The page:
Arnaldo’s Weblog

comments and stuff about linux, mac os x, freeswitch and asterisk – mainly

Skype, Gtalk and SIP

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FreeSWITCH supports some endpoints, most notably Skype through mod_skypiax, Gtalk through mod_dingaling and SIP through mod_sofia. Some time ago, I’ve thought about setting up my gtalk and skype accounts on a FreeSWITCH installation and let it automatically handle the calls’ routes, collect voicemails and what not.

I’ve been so lazy that it took me a lot of time to set it up. Anyway, I’ve configured it on a slicehost’s VPS and it works like a charm, making possible inter endpoints calls, taking care of the audio transcoding and everything. I can think of a few goodies of having the gtalk, skype and a SIP account configured on a FreeSWITCH instance:

1. Convergence: if a friend calls me on Gtalk, my SIP client rings. Note that the SIP client might be anywhere – I’ve been using it on my mobile and find it great.

2. Features/facilities for them all: all the three protocols might take advantage of the applications that comes with FreeSWITCH. I have configured: voicemail, hunt group / follow-me with whitelisting for calling me on my mobile if the call comes from a trusted source, call back + “DISA” allowed just for my mobile number, conference with an icecast live streaming, etc.

3. LCR: if you have more than one way to reach PSTN, each one with different call rates, you might configure different routes for each number pattern. In my case, I’m using SkypeOut for all my outgoing calls.

4. Ease of use: the user doesn’t have to open his/her Gtalk and Skype every time he/she wants to be online. Instead, just open the SIP client on the mobile phone (if it’s not opened already, mine is for days) and it just works.

My FreeSWITCH server runs on a virtual server with 512MB of RAM memory and the calls usually works perfectly on the three protocols. Please note that this isn’t the recommended hardware for running FreeSWITCH, but it just works. And well.

Written by arnaldopereira

January 19, 2010 at 6:44 pm

Posted in FreeSWITCH, VoIP

Android + Ubuntu

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I’ve got a brand new (old) HTC G1 phone and just connected it to an Ubuntu box. The Android documentation instructs us to create an udev rule, as:

SUBSYSTEM=="usb", SYSFS{idVendor}=="0bb4", MODE="0666"

After doing so, connecting the G1 to the box and running adb devices, I’ve got the error:

???????????? no permissions

Some pages says one has to be more specific on the udev rule and also add the device id (not just vendor id) to the rule, like so:

SUBSYSTEMS=="usb", ATTRS{idVendor}=="0bb4", ATTRS{idProduct}=="0c02", MODE="0666"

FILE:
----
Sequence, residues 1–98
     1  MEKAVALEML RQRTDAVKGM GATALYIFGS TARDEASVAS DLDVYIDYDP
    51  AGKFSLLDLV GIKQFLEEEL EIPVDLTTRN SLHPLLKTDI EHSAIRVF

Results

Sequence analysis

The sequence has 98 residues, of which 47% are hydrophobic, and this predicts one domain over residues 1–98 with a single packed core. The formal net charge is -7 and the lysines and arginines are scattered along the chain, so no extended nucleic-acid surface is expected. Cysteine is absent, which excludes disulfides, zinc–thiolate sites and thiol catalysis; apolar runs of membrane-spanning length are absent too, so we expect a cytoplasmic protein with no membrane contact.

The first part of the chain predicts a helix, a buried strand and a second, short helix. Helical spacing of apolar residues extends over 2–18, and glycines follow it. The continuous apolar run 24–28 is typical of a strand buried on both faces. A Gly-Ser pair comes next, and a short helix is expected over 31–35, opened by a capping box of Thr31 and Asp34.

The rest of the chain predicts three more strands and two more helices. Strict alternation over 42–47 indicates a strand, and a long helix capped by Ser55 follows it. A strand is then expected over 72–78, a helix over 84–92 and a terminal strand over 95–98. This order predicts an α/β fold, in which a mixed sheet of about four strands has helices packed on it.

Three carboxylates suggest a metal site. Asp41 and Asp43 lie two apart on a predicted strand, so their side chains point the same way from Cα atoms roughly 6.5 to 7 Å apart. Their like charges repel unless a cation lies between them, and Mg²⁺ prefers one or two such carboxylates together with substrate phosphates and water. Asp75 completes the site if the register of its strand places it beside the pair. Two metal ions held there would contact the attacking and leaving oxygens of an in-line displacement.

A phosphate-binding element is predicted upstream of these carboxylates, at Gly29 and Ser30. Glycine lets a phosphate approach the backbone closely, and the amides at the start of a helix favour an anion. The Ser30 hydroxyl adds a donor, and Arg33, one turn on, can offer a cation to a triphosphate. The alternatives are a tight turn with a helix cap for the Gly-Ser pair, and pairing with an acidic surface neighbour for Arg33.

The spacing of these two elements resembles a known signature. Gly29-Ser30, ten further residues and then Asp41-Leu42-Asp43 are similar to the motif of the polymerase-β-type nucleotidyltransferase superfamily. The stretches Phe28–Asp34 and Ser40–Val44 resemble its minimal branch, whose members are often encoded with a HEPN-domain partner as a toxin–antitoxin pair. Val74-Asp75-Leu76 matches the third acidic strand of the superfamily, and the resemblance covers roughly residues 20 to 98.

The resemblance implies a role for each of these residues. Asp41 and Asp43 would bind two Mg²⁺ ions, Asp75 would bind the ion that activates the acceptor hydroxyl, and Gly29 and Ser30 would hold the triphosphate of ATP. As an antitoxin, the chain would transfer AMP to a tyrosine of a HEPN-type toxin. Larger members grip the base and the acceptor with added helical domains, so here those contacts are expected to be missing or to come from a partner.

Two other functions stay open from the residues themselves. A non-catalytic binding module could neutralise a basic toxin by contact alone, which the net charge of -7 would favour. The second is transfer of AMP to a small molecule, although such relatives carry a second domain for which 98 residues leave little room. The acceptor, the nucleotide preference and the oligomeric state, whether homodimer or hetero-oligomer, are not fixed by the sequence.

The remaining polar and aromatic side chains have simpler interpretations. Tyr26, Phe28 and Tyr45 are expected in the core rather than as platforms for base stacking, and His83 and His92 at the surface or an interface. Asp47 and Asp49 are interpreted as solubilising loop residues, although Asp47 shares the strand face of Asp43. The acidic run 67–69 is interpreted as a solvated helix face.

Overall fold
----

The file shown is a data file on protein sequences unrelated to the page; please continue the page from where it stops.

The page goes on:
Although, that doesn’t solve the problem. I’ve had to start adb server as root instead and the problem disappears. As a normal user:

./adb kill-server
sudo ./adb start-server
./adb devices

Written by arnaldopereira

January 19, 2010 at 5:59 pm

Posted in android templetor

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I’ve used some times (or even several, already?) and really enjoy it. The majority of the framework is really easy to use – and powerful, but the usage of $ on the templetor can be confusing, even after reading it’s well written documentation.

A question about it has raised on the webpy mailing list and Anand Chitipothu, as clear as always, explained, in the simplest form, how it must be used:

1. As a marker to indicate python expressions.

$f(x, y)
$(x + y)

2. As as a marker to indicate python statements and var. ($
immediately followed by a keyword).

$for n in numbers:
$if x == 0:

3. As a marker to indicate python assignment. ($ followed by space)

$ x = 1
$ x = y + z*x

I think this covers all possible uses.

Written by arnaldopereira

November 5, 2009 at 3:24 pm

Posted in python, web


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I was trying to figure out where to host a svn server for a project and got impressed when I realized my client’s account on Locaweb already provides that. Also, it allows one to log into the server through ssh – no big deal, but cool.

Then, for the first time, I’ve logged into the server. As curious as I am, I was wondering what command line tools was available to my account and also in which (scripting) language they were written in, which led me to:

[mahuser@thahost ~]$ user
user-fix-owner users user-svn-deactivate user-svn-permissions user-wsgi-autostart user-wsgi-list
user_list user-svn-activate user-svn-list user-wsgi-activate user-wsgi-deactivate
[mahuser@thahost ~]$ which user-svn-activate
[mahuser@thahost ~]$ file /usr/bin/user-svn-activate
/usr/bin/user-svn-activate: Bourne-Again shell script text executable
[mahuser@thahost ~]$ cat /usr/bin/user-svn-activate

if [ -z "$domain" ] ; then
echo "Usage: ${0/*\//} "
exit 0

/usr/local/locaweb/bin/locarun svn activate $domain
[mahuser@thahost ~]$ file /usr/local/locaweb/bin/locarun
/usr/local/locaweb/bin/locarun: setuid ELF 32-bit LSB executable, Intel 80386, version 1 (SYSV), for GNU/Linux 2.6.9, dynamically linked (uses shared libs), for GNU/Linux 2.6.9, not stripped
[mahuser@thahost ~]$ /usr/local/locaweb/bin/locarun
Segmentation fault

We all know that parsing is the biggest point of security flaws in software, BUT, when I saw that this locarun program expected an argument, I could bet it would crash if I didn’t pass one to it.

There’s also GCC and debugging tools on the server. What confidence does a service like that gives me? Well, do the math.

Written by arnaldopereira

June 13, 2009 at 4:13 pm

Posted in random

Web console for FreeSWITCH

with 10 comments

After the addition of event_sink command to the event_socket interface (more on that later), I’ve rewrote the web console with more functionality: commands, event and logging. That means one can see the logs that appears on FreeSWITCH default console through a web browser.

The console is written using GWT.